Illegal Sand mining runs rampant in the Indi taluk of Karnataka’s Bijapur District. Apart from causing environmental degradation, the extraction of sand from the river bed has contributed to the taluk’s water problem.
By Ajay Ramanathan
Indi , April 20, 2019.
Bijapur’s Indi is a peculiar taluk. Covering 133 villages, the taluk is 2,215 sq km in area. With a population of 421,169, the taluk is known for its wrestlers and rotis made of jowar. However, Indi has a dark underbelly. The mafia and rowdy sheeters have run rampant in the taluk . The taluk sprung into the public eye in the wake of a murder that was allegedly organized by the police. The level of crime in the taluk affects its people the most. “The people of Indi are as good as they are bad,” Rajesh Pawar, a local athlete remarked.
Apart from crime, there is another issue that has plagued the taluk. That is the scarcity of water. “There is not even 10 per cent of water in the Almatti dam,”said Abdul Gani- a farmer at the Hirebevannur village. Standing next to Gani, was a middle aged man. Introducing himself as Kuru, he detailed the ordeal that farmers go through. “Due to the lack of rainfall, we do not receive sufficient profit despite there being APMC yards. The loss we’ve endured is worth Rs. one Lakh. Would profits of Rs 5000- Rs 6000 be enough?” The Bhima River, which covers a distance of 110 km acts as the main source of water to the taluk. . However, the water scarcity is not incidental. The extraction of sand from the river bed has contributed to this problem to a large extent.
There is clear link between sand mining and water scarcity. An August 2013 piece in the Hindu reported that the impact of sand mining could not be calculated. The impact of sand mining is not limited to the environment alone. In the aforementioned report, Manoj Mishra of the NGO Yamuna Jiye Abhiyan noted “robbing sand is essentially robbing water.”
Environmentalist Yellappa Reddy agreed. Explaining how sand mining affects the river bed, Reddy said, “The sand in the river is highly porous. The porous medium will facilitate the flow of water. The sand will allow the water to gently pass through as it recharges underground aquifers. This will cause the nearby wells and borewells to be recharged as well.” Contending that the lack of sand in the river would cause these water bodies to dry up, Reddy said- “if there is no sand, the water will flow at a rate of 100 km/hour. If there is sand, the water would flow at a speed of 1 to 2 km/hour.”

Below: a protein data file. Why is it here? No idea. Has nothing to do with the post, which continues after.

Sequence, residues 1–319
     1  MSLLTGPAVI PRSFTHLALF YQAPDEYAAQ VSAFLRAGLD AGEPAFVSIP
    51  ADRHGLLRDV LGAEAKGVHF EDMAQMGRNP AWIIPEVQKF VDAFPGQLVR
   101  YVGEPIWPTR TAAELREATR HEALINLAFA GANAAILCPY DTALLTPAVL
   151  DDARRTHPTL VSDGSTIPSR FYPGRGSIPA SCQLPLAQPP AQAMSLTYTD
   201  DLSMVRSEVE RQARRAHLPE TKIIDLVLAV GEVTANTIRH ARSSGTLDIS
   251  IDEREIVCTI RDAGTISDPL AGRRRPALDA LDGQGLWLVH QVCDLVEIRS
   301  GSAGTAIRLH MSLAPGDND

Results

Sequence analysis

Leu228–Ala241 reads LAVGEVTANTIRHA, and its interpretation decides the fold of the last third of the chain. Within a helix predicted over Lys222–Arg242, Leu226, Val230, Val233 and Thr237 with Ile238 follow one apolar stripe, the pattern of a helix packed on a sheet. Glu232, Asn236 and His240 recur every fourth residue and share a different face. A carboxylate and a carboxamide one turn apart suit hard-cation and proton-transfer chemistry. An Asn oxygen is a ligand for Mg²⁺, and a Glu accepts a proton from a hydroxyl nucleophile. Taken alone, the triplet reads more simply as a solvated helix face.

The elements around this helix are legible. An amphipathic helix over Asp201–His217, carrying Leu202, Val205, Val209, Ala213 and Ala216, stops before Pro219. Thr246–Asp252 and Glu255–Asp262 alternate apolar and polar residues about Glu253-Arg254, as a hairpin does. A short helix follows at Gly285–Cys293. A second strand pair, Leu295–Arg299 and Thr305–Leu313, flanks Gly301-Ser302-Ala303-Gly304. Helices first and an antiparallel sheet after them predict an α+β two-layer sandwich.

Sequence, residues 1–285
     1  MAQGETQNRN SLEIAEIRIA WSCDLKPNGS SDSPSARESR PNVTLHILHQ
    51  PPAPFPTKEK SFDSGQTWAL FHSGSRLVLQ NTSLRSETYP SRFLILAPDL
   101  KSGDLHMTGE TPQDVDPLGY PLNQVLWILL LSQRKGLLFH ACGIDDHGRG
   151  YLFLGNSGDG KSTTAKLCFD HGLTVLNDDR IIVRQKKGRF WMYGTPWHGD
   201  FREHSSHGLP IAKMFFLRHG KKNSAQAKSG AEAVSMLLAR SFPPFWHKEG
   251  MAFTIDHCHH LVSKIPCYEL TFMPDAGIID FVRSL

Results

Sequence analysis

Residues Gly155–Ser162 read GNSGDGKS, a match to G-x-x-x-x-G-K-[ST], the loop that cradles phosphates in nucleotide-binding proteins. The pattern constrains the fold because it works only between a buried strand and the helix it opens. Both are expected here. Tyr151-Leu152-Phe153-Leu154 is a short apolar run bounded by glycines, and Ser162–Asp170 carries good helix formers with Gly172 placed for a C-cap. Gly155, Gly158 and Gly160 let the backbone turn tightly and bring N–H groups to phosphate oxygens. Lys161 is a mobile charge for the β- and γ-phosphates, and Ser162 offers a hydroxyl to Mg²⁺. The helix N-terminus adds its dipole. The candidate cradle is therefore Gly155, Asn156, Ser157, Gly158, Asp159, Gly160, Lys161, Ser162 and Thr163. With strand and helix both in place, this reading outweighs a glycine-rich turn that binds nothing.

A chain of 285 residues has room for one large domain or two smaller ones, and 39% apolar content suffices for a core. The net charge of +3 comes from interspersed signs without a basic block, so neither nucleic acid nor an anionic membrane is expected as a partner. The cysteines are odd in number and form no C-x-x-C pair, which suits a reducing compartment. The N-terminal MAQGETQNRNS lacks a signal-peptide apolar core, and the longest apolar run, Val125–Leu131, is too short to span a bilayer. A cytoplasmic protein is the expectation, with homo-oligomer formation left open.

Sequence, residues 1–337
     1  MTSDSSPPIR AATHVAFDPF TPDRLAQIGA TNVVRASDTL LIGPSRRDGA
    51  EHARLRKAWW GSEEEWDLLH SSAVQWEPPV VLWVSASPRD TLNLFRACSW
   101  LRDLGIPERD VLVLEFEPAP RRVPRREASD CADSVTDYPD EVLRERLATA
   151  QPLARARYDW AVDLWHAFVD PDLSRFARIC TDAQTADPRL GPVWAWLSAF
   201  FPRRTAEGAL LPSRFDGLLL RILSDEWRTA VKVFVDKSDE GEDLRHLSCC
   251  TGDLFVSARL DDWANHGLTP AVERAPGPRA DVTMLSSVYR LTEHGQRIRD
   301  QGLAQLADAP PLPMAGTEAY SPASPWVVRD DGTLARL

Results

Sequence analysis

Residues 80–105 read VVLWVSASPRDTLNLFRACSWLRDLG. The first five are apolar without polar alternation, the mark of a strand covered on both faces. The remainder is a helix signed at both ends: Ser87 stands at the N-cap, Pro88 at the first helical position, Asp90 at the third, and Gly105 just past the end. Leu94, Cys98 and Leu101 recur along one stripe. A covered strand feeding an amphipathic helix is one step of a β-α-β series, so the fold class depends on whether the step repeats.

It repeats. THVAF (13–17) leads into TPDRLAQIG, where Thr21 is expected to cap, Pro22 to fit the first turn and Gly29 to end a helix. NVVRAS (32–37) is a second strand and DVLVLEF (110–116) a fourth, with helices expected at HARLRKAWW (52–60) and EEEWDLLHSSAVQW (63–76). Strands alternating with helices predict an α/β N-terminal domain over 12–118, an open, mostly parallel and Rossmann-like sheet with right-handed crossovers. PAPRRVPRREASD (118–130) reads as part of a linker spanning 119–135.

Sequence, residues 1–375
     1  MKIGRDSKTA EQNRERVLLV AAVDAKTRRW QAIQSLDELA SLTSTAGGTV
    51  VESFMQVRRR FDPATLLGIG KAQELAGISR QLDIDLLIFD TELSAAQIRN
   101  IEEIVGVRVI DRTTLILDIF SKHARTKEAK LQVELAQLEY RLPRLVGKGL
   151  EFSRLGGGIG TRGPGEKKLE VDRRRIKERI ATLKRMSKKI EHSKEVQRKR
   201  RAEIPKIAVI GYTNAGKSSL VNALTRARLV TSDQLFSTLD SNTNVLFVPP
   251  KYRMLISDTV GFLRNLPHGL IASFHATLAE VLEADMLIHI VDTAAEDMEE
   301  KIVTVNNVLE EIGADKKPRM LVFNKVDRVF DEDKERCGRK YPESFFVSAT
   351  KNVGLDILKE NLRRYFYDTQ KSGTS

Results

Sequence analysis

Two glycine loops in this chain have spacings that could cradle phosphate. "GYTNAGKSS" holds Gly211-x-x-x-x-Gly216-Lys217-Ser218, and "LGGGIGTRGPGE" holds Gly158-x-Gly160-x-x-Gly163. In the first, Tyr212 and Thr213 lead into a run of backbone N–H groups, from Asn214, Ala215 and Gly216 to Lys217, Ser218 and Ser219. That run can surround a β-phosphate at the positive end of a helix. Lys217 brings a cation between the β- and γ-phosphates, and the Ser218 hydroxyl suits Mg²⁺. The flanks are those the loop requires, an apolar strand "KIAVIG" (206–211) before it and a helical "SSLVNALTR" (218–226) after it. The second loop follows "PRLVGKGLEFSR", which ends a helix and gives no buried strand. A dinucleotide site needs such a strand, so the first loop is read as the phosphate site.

However, the mafia has sunk its teeth into the river beds as well with sand mining turning into a lucrative business for many. “They do it secretly,” an aspiring journalist Sandip Shinde (name changed) said. “They give Rs 1000 to Rs 2000 to the Police- Sub Inspector (PSI) as a bribe in order to conduct operations.” “The miners are then allowed to work during the day, from 6 am to 12 pm..” Pawar agreed, “The MLAs are complicit. It happens in the open.”
In November 2018, Mohan Kumar- Assistant Director of the Department of Mines and Geology noted that all forms of sand mining in the region had come to a standstill three years ago. “An Ex MLA Sarva Bhoum Bagali had filed a petition in the National Greet Tribunal after which there was a stay order on sand mining.” Kumar noted that mining in the region occurs on the Bhima river bed. The sand is extracted from a quarry in the river bed which is subsequently used for construction. Explaining the reasons as to why the mining is conducted on the river-bed, Kumar noted, ” The level of sand that is needed to meet our requirements exists on a river bed.”
If there is one community affected the most by mining, it is the farmers. Meet Kuli Kowligi of the Agarkhed village. He says he his 46 but looks much older. His work involves watering the field, sowing seeds etc. His day starts at 6 am and is cut short at two in the afternoon. “They cut off the supply of water to the fields during the night,” he noted. A father of two sons, Kowligi is joined by his wife on the farm. At a time when rainfall is scarce, farmers like Kowligi contend that the harvest is negligible. Kowligi believes that sand mining in the region has reduced the level of water in the river, which has added to the problem. He is not an exception.
Somewhere along the road to the Bhima River, a lady crouched. She wiped the beads of sweat from her forehead with her sari while simultaneously watching over a basket. “This is all the harvest I have after a year,” she remarked. 35-year old Irama Chatri has been married since she was 12 years old although her husband passed away on account of an illness six years prior. Her day begins at six in the morning. “I wake up early to prepare meals,” she says. Chatri is on the farm at 9 am. Then, she breaks for lunch at one in the afternoon. However, farming alone doesn’t do the job. With income being unsteady from her children, Chatri has turned to the needle. “I get Rs 50 for stitching a cloth and Rs 5 per button,” she noted. On a good day, the tailoring business brings Rs 500 a day. Indi’s water problem has made farming an unprofitable business for Chatri. “Earlier, I used to earn Rs. three lakh in a year. Now I get around 5000 a year.” Like Kowligi, Chatri believes that sand mining in the village has added to the water problem.